Do we not risk overestimating the importance of empathy? Must we continue insisting that our individual feelings align with the emotional-state of the characters in order to properly engage with the performance? Does a play like Mr. Burns not become *something else entirely* by shoehorning in more backstory? Moreover, it strikes me as I write this now that empathy is absolutely a part of the world Washburn puts on stage. The difference, I think, is in the execution. Neither Washburn’s text, nor Icke’s production or the actors’ performances exploit our emphatic involvement in purely emotional terms. Emotion isn’t transmitted as a means of besieging the audience with ‘sentiment’ (yuck!); we may only learn provisional details about the characters past lives, but we absolutely experience their self-reliance, their communal feeling, their sense of collective purpose and understanding. And anyway, doesn’t the nature of storytelling preclude some degree of emphatic involvement by its very nature? Stories are told, re-told, changed-up, passed on and accrue meaning that reflect the evolving needs of the storytellers. Empathy in Mr. Burns isn’t a cheap conjuring trick for getting the audience on side; instead, it is dramatised as a cornerstone to the group’s survival without relying on the need for emotional acting or clumsy asides to provide backstory.
Samantha Ellis went on to smartly suggest that we should view the characters in Mr Burns as a ‘collective protagonist’, which prompted a discussion on the subject of community and the “post-electric”/post-apocalyptic context of Washburn’s play. The most interesting contribution on this subject came from Megan Vaughan and Lydia Johnson in their suggestion of a heretofore unexplored feminist reading of Washburn’s ‘post-electric’/post-apocalyptic’ scenario. The central argument of Megan and Lydia’s premise (I think) is that post-apocalyptic narratives written by men tend to reflect a kind of reactionary-primevalism; in these scenarios, men get to be ‘men’ – building fires, hunting food and fighting on behalf of their kin. In such stories, a levelling disaster sets civilisation back a peg or two and the fallout provides the context in which men are allowed to return to their ‘true selves’, free from complication and empowered by their mission to re-populate and re-organise civilisation. Meanwhile, the women in these stories invariably return to whatever bland domestic chores society has seen fit for them under the guise of a voluntary return to ‘the natural order’ of things. Patriarchy by way of the apocalypse.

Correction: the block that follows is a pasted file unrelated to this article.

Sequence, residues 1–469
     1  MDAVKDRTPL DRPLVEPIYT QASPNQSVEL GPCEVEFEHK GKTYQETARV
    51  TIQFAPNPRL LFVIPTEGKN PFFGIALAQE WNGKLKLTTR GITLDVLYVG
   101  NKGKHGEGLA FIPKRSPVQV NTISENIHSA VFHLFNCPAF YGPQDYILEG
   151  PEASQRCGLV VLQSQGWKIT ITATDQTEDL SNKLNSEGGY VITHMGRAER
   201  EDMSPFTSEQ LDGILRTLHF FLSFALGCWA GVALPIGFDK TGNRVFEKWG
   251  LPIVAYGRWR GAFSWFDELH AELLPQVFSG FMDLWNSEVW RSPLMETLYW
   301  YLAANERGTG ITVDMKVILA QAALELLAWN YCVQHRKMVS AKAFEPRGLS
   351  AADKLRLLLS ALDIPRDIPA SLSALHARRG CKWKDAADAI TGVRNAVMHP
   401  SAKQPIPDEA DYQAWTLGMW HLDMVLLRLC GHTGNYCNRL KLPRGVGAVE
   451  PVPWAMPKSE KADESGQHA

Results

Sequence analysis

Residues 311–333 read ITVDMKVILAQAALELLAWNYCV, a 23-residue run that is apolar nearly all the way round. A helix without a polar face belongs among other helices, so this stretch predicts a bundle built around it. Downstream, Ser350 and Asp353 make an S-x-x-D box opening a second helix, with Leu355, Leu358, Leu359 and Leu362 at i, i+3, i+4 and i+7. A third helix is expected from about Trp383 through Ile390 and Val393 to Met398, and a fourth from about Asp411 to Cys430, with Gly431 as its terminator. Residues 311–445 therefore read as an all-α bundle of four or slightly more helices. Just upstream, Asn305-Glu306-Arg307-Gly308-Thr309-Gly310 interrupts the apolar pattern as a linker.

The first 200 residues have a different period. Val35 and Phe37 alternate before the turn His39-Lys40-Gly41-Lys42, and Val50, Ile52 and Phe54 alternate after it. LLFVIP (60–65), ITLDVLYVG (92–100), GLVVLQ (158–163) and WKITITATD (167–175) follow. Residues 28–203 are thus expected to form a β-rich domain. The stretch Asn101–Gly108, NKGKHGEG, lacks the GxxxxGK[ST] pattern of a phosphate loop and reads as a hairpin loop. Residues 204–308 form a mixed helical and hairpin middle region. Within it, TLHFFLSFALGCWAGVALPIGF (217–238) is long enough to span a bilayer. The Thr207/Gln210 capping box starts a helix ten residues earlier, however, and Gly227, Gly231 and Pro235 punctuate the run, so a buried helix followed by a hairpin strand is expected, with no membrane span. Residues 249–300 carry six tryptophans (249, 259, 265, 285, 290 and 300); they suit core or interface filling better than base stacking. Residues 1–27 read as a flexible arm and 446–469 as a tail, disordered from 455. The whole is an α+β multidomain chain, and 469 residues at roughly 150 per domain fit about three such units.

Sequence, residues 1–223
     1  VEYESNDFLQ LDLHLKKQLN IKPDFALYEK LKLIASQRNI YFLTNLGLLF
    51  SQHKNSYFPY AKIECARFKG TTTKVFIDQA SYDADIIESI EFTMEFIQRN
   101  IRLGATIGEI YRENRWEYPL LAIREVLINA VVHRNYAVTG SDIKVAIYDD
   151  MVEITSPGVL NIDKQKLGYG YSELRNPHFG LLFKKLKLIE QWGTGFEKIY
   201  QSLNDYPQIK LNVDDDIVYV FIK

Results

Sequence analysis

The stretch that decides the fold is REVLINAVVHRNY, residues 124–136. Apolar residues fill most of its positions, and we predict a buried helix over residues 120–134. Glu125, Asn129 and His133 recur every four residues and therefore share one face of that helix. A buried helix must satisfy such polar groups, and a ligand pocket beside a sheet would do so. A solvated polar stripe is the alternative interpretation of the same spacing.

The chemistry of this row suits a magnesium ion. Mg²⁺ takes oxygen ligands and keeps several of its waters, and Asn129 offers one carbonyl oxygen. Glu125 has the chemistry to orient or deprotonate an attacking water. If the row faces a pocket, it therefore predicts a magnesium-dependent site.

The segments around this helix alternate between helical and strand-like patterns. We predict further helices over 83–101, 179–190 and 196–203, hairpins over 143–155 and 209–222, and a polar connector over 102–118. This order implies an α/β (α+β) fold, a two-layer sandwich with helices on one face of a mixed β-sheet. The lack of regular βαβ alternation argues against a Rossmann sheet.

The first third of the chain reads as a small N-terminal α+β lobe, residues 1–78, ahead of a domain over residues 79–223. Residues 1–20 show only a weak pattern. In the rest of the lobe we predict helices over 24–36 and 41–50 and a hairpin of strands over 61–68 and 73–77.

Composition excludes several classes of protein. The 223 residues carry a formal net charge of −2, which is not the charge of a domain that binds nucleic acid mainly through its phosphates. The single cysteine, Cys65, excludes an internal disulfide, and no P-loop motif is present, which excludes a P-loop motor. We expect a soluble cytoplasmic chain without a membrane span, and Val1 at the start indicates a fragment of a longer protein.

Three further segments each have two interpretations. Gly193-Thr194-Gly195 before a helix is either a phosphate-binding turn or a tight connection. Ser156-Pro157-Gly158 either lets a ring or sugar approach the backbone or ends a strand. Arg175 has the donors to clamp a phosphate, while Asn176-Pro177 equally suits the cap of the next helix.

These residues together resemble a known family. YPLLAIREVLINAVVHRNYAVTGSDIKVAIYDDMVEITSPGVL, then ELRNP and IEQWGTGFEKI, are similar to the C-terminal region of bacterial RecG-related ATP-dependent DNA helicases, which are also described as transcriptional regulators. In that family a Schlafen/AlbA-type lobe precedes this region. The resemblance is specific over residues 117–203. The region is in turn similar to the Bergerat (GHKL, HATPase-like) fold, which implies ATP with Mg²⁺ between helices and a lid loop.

By comparison, post-apocalyptic narratives written by women may actually work in opposition to the male wish-fulfilment scenario. For example, in Washburn’s narrative, notions of heroic-individualism are definitely secondary to the collective needs of the group – with this being particularly resonant in the group dynamics displayed in Act II. We also discussed the more measured nature Washburn’s “post-electric” vision, in which essential amenities have survived and not every human bar the hero have reverted to a wild, pre-civilised state of unrest – a familiar trope in conventional post-apocalyptic narratives. (Though Washburn doesn’t entirely dispense with the formula – as revealed in the denouement of Act II. Also, the fact Washburn specifies “post-electric” is important, suggesting not a return to a pre-civilised age, but a more measured reversal of technological progress that circumvents this tendency to fetishise a return to antiquity).
Part 2 will be a longer piece focusing on issues raised around Cultural Value and Context and Meaning, and will address those aspects of the production discussed by critics etc.